90% of Your Success is due to your Emotional Intelligence (EQ)
by Jeannie Gunter, MA CEO Transformative Training
3 tips to Boost your EQ to become an extraordinary leader
How successful are you at maintaining good relationships while producing effective results? Emotional Intelligence is the set of abilities and skills that include having a high level of self and other-awareness, being able to access, understand and manage your emotions, the ability to empathize with others, and great communication skills. Research has shown that people with high emotional intelligence tend to be more successful in life than those with lower EQ even if their classical IQ is average.
Many of us understand the importance of being able to negotiate relationships effectively as part of a successful working environment. The reality is, if you get along with people and take time to establish genuine relationships based on respect, the people who work for you will bend over backwards to make sure you and your team achieve your goals.
The good news is as leaders committed to self-growth, we can always be working on expanding and increasing our EQ. Here are three tips to get you started.
Tip #1 Increase your awareness of yourself and others
One company I consulting with had a CEO who was a “driver” style personality. He spoke at a meeting and then asked for questions or comments. The group was completely silent. After the meeting was over the employees went back to their areas and talked about what they really thought. The CEO had not created an environment where people felt like they could share openly. What was worse is that he either wasn’t aware of it, or didn’t care. You can guess the results this had on his business.
Activity: During your next office meeting, focus on collecting data and identifying the “tone” of the room. Start with yourself. How are you feeling? What is your response to different people in the room? Are there people you are drawn to? Repelled by? Are you happy to be there or not? Now expand your awareness to others in the room. What are their “moods”? Are people making or avoiding eye contact? Smiling? Engaging in small talk? What are the tones of people’s voices? Are people talking over each other or respecting the person who is talking?
At the end of the meeting you can look over your data and make an assessment of the group such as: people were generally avoiding eye contact – it seemed as though people were nervous and reluctant to share their ideas openly. Voices were quiet, no one was interrupting. As a leader, this data gives you information as to what may or may not be happening on your team and helps you decide how to move forward.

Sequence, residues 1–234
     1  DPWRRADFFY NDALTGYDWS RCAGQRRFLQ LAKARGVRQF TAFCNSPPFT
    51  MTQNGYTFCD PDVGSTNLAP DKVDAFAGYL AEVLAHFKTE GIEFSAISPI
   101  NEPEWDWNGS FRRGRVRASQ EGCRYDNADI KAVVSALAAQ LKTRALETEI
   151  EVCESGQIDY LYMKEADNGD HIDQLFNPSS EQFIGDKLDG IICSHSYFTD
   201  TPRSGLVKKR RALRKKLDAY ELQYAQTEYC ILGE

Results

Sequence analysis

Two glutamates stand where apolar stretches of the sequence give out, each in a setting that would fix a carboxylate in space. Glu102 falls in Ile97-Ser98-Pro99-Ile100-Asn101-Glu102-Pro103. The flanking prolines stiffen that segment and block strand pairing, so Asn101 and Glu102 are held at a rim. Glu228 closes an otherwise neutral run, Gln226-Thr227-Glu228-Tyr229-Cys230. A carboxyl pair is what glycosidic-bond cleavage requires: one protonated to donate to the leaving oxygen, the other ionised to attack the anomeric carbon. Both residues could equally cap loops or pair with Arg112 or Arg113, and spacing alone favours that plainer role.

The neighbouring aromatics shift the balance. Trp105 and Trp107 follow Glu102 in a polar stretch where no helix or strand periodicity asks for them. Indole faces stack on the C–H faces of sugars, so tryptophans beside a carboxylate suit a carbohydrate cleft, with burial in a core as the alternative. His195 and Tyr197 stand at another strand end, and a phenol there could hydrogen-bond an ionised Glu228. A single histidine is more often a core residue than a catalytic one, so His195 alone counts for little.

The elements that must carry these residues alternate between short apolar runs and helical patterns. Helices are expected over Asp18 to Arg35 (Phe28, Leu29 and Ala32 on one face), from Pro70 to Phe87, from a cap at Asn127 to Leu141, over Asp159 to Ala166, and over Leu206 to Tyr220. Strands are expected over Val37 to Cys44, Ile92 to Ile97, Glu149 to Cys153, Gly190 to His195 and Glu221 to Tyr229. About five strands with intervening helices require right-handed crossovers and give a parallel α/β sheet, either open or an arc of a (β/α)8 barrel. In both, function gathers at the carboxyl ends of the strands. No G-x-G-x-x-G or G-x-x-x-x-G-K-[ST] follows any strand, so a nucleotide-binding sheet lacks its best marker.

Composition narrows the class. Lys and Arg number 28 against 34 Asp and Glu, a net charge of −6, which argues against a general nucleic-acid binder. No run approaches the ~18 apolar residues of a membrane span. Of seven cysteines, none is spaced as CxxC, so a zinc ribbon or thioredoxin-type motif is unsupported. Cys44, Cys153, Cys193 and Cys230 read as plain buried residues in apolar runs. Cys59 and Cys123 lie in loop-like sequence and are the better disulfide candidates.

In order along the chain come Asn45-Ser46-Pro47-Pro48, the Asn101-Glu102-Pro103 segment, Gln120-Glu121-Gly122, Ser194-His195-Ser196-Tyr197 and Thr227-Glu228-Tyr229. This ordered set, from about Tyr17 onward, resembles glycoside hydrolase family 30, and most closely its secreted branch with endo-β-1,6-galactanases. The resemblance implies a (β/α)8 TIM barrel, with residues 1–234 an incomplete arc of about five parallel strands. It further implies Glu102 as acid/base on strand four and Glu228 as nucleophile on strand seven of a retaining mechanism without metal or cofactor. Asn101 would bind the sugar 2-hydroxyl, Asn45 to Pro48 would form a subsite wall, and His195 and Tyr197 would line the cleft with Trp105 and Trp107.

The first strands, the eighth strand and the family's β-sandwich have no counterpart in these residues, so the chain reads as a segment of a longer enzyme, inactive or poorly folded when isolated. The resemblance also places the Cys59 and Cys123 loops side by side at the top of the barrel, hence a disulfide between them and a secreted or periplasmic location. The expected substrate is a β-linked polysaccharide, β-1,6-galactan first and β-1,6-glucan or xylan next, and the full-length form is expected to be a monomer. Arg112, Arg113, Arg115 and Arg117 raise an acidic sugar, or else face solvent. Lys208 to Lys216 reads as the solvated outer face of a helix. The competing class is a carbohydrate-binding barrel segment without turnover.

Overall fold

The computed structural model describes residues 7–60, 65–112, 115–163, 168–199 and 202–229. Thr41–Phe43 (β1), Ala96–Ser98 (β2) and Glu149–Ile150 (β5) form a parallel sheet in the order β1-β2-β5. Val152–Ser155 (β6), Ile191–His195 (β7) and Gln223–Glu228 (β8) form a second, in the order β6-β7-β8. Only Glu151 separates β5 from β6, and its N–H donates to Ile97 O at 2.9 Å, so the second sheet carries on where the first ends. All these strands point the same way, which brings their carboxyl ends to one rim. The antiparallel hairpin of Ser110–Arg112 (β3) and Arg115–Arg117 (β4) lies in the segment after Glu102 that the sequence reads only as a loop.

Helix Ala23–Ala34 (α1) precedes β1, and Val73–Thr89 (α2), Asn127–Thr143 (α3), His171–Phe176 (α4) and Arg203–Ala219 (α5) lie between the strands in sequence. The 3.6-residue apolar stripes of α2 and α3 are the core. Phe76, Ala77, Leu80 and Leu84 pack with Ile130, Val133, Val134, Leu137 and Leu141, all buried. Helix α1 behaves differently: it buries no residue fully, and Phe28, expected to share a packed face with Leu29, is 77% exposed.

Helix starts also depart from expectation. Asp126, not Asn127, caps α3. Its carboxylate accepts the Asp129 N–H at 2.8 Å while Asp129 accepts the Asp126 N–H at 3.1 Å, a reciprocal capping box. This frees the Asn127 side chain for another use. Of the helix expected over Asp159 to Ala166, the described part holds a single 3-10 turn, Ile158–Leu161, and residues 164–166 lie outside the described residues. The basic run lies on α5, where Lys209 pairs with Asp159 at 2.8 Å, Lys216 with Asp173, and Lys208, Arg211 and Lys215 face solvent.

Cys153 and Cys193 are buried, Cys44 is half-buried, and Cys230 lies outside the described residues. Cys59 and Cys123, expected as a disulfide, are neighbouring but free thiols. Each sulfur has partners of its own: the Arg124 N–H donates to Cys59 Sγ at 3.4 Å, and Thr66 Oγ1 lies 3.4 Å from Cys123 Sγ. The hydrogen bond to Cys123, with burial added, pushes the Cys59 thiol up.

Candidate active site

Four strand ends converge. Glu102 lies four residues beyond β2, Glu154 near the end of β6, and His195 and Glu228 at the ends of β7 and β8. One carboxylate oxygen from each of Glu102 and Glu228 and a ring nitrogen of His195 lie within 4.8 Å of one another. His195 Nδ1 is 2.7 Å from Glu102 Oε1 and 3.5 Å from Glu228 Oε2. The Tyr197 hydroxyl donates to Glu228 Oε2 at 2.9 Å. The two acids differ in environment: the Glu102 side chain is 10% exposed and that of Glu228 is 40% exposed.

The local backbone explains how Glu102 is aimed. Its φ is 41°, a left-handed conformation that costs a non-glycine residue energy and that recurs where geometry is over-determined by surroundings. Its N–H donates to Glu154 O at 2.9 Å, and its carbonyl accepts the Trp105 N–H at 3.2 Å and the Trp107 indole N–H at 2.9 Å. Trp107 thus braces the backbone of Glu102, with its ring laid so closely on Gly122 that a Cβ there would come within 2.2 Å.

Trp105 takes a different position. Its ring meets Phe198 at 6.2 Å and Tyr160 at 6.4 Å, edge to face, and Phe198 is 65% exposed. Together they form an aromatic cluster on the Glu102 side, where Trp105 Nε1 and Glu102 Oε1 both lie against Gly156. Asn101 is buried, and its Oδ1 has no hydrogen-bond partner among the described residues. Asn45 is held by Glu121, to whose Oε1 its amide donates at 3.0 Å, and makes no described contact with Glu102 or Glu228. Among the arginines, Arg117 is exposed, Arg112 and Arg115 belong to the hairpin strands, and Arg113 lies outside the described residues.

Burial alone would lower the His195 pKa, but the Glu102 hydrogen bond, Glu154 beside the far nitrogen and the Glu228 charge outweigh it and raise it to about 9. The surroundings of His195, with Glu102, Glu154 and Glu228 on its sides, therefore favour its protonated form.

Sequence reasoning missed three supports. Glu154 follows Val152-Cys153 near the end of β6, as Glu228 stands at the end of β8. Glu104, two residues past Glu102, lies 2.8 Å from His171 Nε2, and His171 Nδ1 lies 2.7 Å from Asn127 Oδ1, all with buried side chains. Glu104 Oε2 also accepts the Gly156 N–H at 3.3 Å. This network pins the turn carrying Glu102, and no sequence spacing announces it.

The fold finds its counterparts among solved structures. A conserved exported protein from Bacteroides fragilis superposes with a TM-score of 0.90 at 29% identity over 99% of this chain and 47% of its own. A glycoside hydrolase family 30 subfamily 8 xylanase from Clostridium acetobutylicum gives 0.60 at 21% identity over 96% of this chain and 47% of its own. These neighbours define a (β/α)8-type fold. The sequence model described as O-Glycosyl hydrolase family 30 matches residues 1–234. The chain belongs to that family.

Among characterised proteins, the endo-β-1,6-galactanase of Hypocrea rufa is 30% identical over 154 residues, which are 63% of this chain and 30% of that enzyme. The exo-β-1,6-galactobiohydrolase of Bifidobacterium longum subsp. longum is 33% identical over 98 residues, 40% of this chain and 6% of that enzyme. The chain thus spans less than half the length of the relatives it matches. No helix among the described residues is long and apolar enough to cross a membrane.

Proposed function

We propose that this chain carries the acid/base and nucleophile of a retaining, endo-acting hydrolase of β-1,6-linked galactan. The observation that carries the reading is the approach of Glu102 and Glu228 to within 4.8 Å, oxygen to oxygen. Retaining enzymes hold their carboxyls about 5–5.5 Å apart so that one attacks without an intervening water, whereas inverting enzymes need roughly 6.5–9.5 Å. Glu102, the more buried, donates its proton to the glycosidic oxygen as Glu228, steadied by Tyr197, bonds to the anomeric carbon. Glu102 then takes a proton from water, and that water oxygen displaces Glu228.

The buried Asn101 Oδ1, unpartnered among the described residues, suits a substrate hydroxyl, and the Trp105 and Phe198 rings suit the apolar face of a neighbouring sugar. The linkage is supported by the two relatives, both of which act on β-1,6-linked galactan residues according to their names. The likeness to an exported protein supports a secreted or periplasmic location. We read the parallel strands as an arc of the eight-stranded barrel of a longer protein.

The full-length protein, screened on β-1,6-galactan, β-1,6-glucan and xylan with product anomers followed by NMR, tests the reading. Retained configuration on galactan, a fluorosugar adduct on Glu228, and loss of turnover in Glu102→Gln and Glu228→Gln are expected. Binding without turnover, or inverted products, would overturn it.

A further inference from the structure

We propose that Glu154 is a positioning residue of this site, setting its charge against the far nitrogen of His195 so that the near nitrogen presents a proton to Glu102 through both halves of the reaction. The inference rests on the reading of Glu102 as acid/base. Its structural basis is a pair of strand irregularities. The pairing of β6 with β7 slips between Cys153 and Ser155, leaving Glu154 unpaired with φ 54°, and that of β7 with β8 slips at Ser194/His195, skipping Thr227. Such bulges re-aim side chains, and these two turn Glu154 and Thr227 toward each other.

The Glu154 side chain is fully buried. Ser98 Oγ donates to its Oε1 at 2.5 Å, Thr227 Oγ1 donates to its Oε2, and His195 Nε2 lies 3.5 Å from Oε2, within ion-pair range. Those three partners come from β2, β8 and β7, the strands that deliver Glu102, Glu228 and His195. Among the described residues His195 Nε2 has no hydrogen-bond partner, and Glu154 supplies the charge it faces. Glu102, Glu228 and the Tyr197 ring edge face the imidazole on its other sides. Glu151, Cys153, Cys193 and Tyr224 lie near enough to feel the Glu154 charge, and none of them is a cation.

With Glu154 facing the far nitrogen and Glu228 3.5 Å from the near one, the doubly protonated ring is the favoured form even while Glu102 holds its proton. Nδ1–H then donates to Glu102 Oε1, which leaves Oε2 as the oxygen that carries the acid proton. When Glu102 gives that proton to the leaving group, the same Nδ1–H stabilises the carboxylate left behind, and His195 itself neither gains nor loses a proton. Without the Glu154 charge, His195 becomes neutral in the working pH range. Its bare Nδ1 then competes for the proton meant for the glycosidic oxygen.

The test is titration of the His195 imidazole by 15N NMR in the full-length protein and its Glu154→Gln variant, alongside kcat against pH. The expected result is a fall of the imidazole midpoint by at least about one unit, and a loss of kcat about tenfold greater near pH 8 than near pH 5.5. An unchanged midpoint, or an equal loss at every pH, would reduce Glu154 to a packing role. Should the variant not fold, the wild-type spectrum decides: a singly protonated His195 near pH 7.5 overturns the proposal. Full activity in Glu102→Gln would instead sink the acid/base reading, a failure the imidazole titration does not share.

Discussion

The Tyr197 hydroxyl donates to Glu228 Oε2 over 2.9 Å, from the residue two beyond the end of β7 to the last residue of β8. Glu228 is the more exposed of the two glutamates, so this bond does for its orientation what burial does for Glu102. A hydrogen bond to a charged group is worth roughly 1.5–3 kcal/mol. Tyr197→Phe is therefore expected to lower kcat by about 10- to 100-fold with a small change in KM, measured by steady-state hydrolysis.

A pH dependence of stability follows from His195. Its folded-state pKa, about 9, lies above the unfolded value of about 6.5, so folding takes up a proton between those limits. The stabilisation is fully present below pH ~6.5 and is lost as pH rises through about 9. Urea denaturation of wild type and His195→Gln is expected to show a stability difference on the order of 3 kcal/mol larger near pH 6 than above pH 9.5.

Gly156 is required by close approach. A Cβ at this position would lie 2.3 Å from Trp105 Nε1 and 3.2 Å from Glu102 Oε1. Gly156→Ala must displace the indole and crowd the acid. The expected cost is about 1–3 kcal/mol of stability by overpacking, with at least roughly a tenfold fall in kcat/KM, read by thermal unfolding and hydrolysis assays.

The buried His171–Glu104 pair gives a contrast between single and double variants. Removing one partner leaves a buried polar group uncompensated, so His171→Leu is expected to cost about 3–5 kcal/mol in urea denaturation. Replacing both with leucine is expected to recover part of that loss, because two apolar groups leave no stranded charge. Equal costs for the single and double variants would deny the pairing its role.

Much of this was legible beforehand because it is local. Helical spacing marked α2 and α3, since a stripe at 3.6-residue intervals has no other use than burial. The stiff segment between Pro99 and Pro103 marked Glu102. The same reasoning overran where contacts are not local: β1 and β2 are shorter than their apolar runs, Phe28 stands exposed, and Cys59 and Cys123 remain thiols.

Tip #2 Developing Empathy for Others
I once worked for the owner of a company who really didn’t care about the people who worked for him. We could tell, because he would “lay down the law” with what seemed like no regard for what the impact was on his employees. Turnover in that particular company was about 50% during the year that I was there. Needless to say, the cost for his lack of empathy was very high.
Activity: Next time you are in a conversation with someone who has a complaint or a concern, set aside your own personal agenda, opinions, and solutions and spend your time getting in that other person’s shoes. Ask yourself questions like – what would I feel like if I had that concern? How would I see things differently if I had that opinion? What is this person’s underlying need that isn’t being expressed or addressed?
An effective leader is able to see problems from multiple perspectives and lets go of rigidity around what the answer to a conflict or challenge might be. By empathizing with another’s situation, the other person feels heard and valued, which are basic human needs. In addition, by seeing things from a new perspective you generate possibilities for creative solutions and innovative ideas that you might not have otherwise seen.
Tip # 3 Upgrade your listening skills – especially if you think you don’t need to!
I was at a meeting this morning engaged in a conversation with a colleague and I noticed my underlying thought was – “I have a meeting to get to, how can I get out of this conversation gracefully?” The truth is most of us think we are good listeners, and most of us are not!
Which of these common bad listening habits do you do?
- Thinking about how you are going to respond to what the person is saying
- Thinking about your agreements/disagreements
- Wondering how you can give advice
- Trying to get out of the conversation
- Trying to find an opportunity to talk about your idea or agenda
Activity: This one is very simple, but not easy. When I listen with full attention, I am actually tired at the end of a conversation. Pick one conversation today and put 100% of your attention on the other person. Ask yourself questions like – what is their concern? What are their ideas? How are they feeling? What are their underlying needs? What is their perspective? If necessary ask for clarification so that you can really understand what they are saying. Refrain from giving advice, agreeing, disagreeing or talking about your own ideas.
An extraordinary leader understands and practices the power of full attention listening. People have an innate need to be heard, to contribute their ideas and to grow. One of the best ways of understanding how to help people grow and contribute is to fully listen to their concerns and ideas. Your people are your most valuable asset – you have a wealth of talent at your fingertips!
If your team or leaders are committed to increasing their emotional intelligence and working relationships, please utilize us as a resource – we would be happy to facilitate a day-long or multi-day program to increase your proficiency in EQ.
© 2009 all rights reserved Jeannie Gunter, MA, CEO Transformative Training